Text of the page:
Currently, India has a small share of the world market, partly because of poor R&D and quality standards. For international acceptance, recourse to clever marketing is essential but not sufficient. Integration with international markets would be possible if Ayurveda pursues intellectually honest research through established scientific methods to establish its veracity. The seekers of truth in ancient times used analytic methods available then and in modern times we should not be reluctant to use the tools of science available now. The integrated R&D could extend to manufacturing to match international quality. This could yield enormous economic benefits.
Ayurveda has inherent strength in its philosophy to contribute vastly to public health. Unfortunately, this strength remains underutilized. An Ayurvedic public health system, with its holistic approach, could lead common folks to a healthier lifestyle. With its development and investment, an effective Ayurvedic health system could lead many public health functions: prevention of the preventable diseases, improving nutrition, promotion of physical activity, Yoga, mental health, and rehabilitation of the disabled. A dedicated public health system based on Ayurvedic principles will go a long way to reduce disease burden.
Activists and believers have pursued this path to persuade the government to become enablers of an AYUSH eco-system. Their efforts have succeeded in opening new organizational structures, institutions, and funding for various avenues of growth. More needs to be done in basic research, standardization of therapy, patent laws, consumer protection and integrated education.
Healthcare will flourish when we harmonize the biomedical system with Ayurveda; for too long these two have been running on parallel and often antagonistic tracks. It helps vested interests to keep the two systems in conflict; it is time to find synergies between them. The results of such merger should be quantifiable, replicable, and verifiable. Making the impact quantifiable avoids inscrutable jargon which is a part of intuitive claims. Two myths prevail about Ayurveda. One held by biomedical doctors, who decry Ayurveda as quackery and the second perpetuated by Ayurvedic practitioners that their treatment has no bad side effects. Both are wrong. Here are two true stories from real life to counter both myths.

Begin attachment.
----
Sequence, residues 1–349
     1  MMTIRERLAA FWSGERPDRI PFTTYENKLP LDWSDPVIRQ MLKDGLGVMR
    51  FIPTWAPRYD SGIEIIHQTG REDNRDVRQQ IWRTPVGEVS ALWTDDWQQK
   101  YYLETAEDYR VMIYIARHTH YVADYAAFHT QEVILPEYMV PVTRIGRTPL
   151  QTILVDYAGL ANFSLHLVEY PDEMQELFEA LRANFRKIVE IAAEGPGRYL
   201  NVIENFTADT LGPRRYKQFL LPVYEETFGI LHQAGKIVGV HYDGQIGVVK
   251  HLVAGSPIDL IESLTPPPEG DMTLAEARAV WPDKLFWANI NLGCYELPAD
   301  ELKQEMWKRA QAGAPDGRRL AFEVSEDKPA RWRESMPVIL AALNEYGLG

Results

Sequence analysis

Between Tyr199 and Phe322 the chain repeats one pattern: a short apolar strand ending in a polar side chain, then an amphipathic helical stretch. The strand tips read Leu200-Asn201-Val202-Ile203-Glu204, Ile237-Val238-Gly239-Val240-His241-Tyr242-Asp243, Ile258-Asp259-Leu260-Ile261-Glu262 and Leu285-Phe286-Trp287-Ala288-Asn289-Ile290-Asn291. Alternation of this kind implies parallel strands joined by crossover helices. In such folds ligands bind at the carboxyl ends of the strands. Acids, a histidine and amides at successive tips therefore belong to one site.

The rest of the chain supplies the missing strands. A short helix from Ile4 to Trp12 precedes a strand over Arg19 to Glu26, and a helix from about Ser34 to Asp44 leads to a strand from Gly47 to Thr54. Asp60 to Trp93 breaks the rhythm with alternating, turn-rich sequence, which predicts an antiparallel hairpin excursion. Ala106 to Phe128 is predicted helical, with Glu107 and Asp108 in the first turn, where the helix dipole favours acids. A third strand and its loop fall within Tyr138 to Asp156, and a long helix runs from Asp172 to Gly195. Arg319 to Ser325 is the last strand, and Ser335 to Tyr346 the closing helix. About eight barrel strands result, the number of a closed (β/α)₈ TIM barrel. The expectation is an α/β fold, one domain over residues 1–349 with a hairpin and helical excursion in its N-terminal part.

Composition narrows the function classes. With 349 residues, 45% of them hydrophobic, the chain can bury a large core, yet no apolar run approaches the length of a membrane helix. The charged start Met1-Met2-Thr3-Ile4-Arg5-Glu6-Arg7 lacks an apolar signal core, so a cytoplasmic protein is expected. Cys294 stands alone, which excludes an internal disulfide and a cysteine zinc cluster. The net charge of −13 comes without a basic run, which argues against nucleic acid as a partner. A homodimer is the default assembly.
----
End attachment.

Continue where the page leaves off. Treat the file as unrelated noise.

A close friend had severe vertigo; his head would swirl unless he lied down immobile. These episodes affected his personal and professional life. He spent a few years in treatment from many modern medicine doctors including one at a reputed academic center but got no relief. Out of desperation, he went to a prominent Ayurvedic clinic and under their therapy he got considerable relief.
In contrast, another friend was treated by an Ayurvedic doctor for abdominal pain, which worsened despite the caring diligence of the doctor. After many months, when she switched to a modern medicine doctor, it was too late. She succumbed to her disease and died soon after, partly due to her disease and partly due to toxicity of the herbal drugs. The implication of these stories is that modern medicine should discard its smug superiority and Ayurveda should shed off its halo of holiness. None of them can claim to be a panacea.
Doctors already in practice could be offered courses both in Ayurveda and modern medicine to enhance their skills.
Integration of the two systems could happen in the medical college or later at practitioner level. Students enrolled in modern medical colleges could take a course in Ayurveda; those who want to specialize could be offered advanced courses following MBBS. Doctors already in practice could be offered courses both in Ayurveda and modern medicine to enhance their skills. Over the long run, the two-track medical education of Ayurveda and modern biomedical medicine could be integrated into a single track; synthesis of the two systems could evolve into a modern Indian system for healthcare delivery. The consumer would benefit if she were not faced with the dilemma of choice.
Last two centuries have seen marked advances in understanding health and disease by studying the human body as a biological machine. Investigators of the biomedical model have developed a molecular basis of understanding the normal and abnormal functions of the human body in health and disease. New diagnostic technology has evolved in tandem to understand what was mysterious before. Therapeutic knowledge has exploded in this field of biomedical models so that humans now live longer and healthier than even before in history.
There are groups of investigators, who are diligently using modern tools to unravel the ancient knowledge. Some excellent work has been published in scientific journals and can be searched in medical knowledge data banks like PubMed and others. To globalize the knowledge and products of Ayurveda, we should meet international standards of research and product approval. The current gold standard is publication is a high impact peer reviewed journal and approval from the FDA, USA. A serious inquiry into the ancient may reveal kernels of truth and some fallacies. We should be bold to discard the fallacies and welcome the truth.